Subjexuals Rights Movement Recognized at University of Minnesota

“Use the FIRST PERSON pronoun when referring to us, or else!”


Dissociated Press

The University of Minnesota has become the first American campus to recognize the rights of subjexuals, a class of oppressed persons who identify as first person pronouns.

The decision modifies the previous policy, under which students were only allowed to choose from a list of third person pronouns on the campus website: He/him/his, none, prefer not to specify, she/her/hers, they/them/theirs, or ze/zir/zirs. They could also specify their gender identity as one of the following: Agender, gender nonconforming, genderqueer, man, nonbinary, prefer not to specify, two spirit, woman, or other.

Subjexuals claim that all of these pronouns and categories are oppressive and objectifying because they are in the third person. “We are subjects, not objects” says I.M. Mee, president of Subjexual Hordes Inimical to Traditional Pronoun Usage (SHITPU). “Call me me, call me I, call us we—but don’t you dare call us he/him/his, she/her/hers, they/them/theirs, or ze/zir/zirs! We refuse to be objectified!”

At the SHITPU press conference, the following dialogue ensued between Mee and a reporter for the campus newspaper:

Reporter: “Uh, is it OK if I call you ‘you’?”

Mee: “No! Absolutely not! Please use ‘me’ or ‘I’ when you refer to me, just like I do.”

Reporter: “But if I say ‘I’ when I refer to yo…I mean, when I refer to me, uh….er…I mean, how will we be able to distinguish between us?”

Mee: “That’s the whole point. When you distinguish between us, you discriminate! You must recognize me as a self, not an other.”

Reporter: “But you just called me ‘you.’”

Mee (slapping reporter across the face): “Don’t call me you, you subjectophobic creep!”

Reporter: “But you did first!”

Mee (slapping reporter again): “I am the subjexual here, not you! I have chosen to identify as a first person pronoun! You are just another objectifying oppressor! As a member of an oppressed class, I have the right to demand that you refer to me and my fellow subjexuals in whatever way we choose! Your attempt to turn the tables here is sort of like white straight male privilege, only much worse. So stop using second and third person pronouns on me or I’ll report you to the campus hate police!”

Reporter: “But how am I going to write this story? If I write, ‘SHITPU spokessubject I. M. Mee insisted on being referred to in the first person, but I, meaning Mee, insisted on referring to, er, this reporter, in the second person,” that makes no sense, because it was Mee, not me, who insisted on using the second person. But how can I convey that if I refer to, uh, me, meaning Mee, as me? Do I understand me, Mee?”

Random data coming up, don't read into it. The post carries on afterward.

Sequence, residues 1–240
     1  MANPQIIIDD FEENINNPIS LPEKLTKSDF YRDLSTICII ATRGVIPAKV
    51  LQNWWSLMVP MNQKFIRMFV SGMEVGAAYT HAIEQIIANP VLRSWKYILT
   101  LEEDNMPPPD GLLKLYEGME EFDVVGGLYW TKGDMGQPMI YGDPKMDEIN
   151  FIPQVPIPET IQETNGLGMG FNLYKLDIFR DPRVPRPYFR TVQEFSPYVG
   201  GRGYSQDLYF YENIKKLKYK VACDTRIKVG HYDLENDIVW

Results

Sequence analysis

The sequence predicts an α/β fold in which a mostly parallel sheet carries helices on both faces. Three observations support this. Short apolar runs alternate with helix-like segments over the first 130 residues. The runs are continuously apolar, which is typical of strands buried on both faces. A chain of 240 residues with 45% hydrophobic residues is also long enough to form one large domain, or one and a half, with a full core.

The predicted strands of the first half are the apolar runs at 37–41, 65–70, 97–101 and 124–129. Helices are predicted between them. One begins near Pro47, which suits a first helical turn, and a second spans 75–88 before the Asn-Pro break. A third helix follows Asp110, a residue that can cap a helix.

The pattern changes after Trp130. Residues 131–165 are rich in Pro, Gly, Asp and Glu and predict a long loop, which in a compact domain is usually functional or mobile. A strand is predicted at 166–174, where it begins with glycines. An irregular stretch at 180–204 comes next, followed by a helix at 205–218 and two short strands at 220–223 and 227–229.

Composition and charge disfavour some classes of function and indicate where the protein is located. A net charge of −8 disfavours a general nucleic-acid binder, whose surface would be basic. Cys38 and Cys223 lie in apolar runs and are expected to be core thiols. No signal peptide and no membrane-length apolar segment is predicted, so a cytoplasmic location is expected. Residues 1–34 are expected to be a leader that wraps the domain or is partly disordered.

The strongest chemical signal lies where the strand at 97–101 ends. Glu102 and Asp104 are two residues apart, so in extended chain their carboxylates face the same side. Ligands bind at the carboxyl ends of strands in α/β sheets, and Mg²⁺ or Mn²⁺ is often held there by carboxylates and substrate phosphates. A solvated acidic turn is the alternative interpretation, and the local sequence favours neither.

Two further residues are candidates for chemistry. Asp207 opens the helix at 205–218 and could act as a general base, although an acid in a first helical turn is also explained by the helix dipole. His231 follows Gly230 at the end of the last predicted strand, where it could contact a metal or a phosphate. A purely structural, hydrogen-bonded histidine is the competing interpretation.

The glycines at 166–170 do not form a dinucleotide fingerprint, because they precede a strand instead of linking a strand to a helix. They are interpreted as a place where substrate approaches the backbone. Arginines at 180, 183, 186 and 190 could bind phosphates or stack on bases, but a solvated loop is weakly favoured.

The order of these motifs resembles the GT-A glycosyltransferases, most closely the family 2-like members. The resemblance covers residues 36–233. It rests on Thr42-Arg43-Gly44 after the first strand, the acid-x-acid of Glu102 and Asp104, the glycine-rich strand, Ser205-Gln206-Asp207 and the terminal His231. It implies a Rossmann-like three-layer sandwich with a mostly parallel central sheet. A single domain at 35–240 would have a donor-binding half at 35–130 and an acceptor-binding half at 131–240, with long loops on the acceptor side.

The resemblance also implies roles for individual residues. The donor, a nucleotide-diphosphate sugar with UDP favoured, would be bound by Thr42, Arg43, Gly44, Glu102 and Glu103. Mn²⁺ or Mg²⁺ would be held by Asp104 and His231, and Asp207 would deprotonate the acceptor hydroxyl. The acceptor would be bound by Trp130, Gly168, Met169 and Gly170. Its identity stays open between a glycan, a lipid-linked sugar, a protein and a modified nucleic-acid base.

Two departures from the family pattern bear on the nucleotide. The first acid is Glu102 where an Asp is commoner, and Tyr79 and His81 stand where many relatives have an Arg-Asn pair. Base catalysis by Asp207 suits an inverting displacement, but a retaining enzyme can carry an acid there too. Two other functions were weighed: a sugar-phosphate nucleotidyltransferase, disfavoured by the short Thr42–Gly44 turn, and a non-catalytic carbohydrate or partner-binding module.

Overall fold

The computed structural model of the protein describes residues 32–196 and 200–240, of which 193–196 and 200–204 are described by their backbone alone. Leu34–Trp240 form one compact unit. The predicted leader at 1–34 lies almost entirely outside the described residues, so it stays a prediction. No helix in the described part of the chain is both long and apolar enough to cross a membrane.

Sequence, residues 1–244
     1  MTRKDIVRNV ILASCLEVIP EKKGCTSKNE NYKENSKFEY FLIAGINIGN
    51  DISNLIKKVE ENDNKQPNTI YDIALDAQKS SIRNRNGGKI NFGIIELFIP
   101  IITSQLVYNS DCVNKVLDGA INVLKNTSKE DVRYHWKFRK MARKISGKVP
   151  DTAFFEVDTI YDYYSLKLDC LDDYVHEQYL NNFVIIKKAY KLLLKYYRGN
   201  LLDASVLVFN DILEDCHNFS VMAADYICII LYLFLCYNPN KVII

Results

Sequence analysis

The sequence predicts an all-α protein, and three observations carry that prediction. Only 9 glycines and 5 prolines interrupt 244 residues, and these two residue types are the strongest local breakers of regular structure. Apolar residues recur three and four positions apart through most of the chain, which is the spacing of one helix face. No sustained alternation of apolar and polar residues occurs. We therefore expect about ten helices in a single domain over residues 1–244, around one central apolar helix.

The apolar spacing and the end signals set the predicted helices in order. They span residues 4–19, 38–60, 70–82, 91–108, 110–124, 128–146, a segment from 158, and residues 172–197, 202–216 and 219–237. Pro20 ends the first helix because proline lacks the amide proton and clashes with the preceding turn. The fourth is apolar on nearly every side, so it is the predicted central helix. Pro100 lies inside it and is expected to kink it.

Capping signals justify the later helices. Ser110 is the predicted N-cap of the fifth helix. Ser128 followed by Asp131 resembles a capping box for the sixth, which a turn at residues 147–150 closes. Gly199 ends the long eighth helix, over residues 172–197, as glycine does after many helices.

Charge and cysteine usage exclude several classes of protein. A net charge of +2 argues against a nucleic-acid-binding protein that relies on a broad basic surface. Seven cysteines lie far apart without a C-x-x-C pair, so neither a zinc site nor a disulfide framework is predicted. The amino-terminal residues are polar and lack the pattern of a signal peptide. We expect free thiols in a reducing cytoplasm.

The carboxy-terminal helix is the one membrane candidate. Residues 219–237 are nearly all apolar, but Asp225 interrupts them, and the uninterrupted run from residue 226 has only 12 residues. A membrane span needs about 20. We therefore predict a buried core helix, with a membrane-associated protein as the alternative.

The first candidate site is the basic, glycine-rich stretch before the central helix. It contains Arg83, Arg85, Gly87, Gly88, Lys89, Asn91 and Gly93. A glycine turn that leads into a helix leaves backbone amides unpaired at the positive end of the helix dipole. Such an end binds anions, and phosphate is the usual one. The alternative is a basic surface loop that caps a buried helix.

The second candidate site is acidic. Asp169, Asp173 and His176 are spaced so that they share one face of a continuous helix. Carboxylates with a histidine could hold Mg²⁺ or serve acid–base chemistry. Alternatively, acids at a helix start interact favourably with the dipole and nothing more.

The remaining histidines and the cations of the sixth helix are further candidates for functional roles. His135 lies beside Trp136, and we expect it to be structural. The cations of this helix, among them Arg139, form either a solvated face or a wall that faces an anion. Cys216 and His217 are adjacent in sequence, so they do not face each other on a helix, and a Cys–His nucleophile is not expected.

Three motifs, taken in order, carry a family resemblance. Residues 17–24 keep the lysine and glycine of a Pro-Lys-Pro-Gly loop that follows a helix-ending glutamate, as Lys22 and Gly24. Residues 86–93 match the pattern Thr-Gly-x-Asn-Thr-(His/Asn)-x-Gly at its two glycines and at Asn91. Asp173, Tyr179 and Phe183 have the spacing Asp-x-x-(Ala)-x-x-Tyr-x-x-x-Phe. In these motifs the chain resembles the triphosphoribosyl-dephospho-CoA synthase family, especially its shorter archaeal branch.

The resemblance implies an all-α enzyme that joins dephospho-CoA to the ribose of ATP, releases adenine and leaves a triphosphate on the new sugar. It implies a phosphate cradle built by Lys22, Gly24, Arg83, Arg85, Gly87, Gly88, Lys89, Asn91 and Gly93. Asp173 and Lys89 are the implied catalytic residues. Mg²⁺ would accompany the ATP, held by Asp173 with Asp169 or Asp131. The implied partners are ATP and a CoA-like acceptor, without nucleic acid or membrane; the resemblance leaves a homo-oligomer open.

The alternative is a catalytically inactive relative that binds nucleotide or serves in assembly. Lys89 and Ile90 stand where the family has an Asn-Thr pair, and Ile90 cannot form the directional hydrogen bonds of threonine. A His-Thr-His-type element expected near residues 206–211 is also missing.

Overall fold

Mee: “Now we’re talking!”

After the press conference, U.R. Hu of the Chinese Lesbian Alliance and Hu R. Yu of the Laotian Bisexual Brigade joined Mee on stage but couldn’t decide on the order of speakers until Mee finally declared: “Hu’s on first!”

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  1. Ian, that “u” in Kuntz is not pronounced as in current English usage, but more like an “oe”, closer to Olde English (Saxon), German, Swedish. When I was a little boy we had a beautiful blond young teacher from England, whose surname was “Lund”. We were instructed to pronounce it in the original Saxon rendering of an “oe”. If pronounced otherwise, it would mean a male phallus in Urdu/Hindi/Punjabi & a host of Indo-Aryan languages. Needless to say, everyone complied & was too afraid to appear uncouth by even joking about it.

    • Yes, but for an English person to try to pronounce Kuntz properly is difficult and it still sounds rude. Thanks for the story, language can be fun.

  2. In the 90s there was a German left back called Stefan Kuntz, the commentators couldn’t say his name so had to use his number instead.

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